It's not enough to be a hot code jockey anymore. There are thousands in India and China -- not to mention U.S.-based outsourcers -- just waiting to take your job.
"Purely technical skills are the ones most likely to be outsourced," says Kate Kaiser, associate professor of Information Technology at Marquette University.
In a ground-breaking study published in 2006, Kaiser interviewed more than 100 CIOs and senior vice presidents, asking them what skills will stay in-house during the next few years and which are more likely to be outsourced.
The gist: Jobs that combined business-savvy with technical expertise will remain; purely technical positions are vulnerable.
That's not to say premium development expertise is unappreciated. Indeed, startups tend to set the technical skills bar very high. Without them, you won't get in the door. "I need someone strong in the fundamentals that come from a good school. I take that as a given," says David Smith, vice president of applied engineering at Firefly Energy.
Perhaps the best way to understand the skills you need to succeed in today's startup market is to think of a multistage rocket. The first stage -- hard skills such as a deep knowledge of programming and development languages -- get you off the ground. The second stage -- business, leadership, and communication skills -- sends you into orbit.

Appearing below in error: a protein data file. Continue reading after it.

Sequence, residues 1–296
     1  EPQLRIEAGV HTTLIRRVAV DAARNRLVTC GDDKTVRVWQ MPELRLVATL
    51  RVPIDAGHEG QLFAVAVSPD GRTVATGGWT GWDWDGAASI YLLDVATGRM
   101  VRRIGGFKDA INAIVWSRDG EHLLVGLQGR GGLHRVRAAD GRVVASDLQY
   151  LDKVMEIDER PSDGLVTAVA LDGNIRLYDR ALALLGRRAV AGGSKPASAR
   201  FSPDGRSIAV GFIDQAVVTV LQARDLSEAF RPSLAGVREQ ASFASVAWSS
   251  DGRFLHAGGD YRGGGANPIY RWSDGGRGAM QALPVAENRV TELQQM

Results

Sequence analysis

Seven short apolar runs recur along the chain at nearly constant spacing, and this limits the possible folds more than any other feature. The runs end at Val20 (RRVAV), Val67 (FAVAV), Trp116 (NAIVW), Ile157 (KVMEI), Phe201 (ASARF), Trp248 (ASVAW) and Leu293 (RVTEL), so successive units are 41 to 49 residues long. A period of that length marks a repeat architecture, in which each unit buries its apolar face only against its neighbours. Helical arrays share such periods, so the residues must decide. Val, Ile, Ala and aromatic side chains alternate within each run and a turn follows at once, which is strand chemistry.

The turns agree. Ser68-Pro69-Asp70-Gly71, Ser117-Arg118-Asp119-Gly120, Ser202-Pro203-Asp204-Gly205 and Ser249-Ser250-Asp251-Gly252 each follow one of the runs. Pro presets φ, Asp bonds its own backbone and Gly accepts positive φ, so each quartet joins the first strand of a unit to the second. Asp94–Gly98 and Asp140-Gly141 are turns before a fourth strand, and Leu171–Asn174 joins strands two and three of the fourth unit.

What's hot these days? Interviews with more than a score of senior execs and techies at startups and other young companies yield a basketful of answers. Here are some of the tools that will get you off the launch pad: Java, Ruby, Ruby on Rails, Python (popular at Google), AJAX, Flash, PHP, LAMP, and Apex (used at Salesforce.com). What's more, the very nature of successful startups -- starting from a small user base and quickly riding a hockey stick of growth -- demands programmers and developers who understand scalability and build it into their apps.
Stage two: Business skills, like project management, used to be the province of senior employees. Not any more. Startups have to be nimble, and so do you. You could be hammering code one day, making a presentation to potential angels the next -- and you'd better know how to do it.
Taking business courses while you're in school or when you have some spare time can separate you from the pack, says Stephen Pickett, former president of the Society for Information Management, which offers business-oriented training for techies.
Kaiser, who conducted the study in conjunction with the Society for Information Management, found that only the purely technical skill sets of systems analysis and systems design are likely to stay in-house.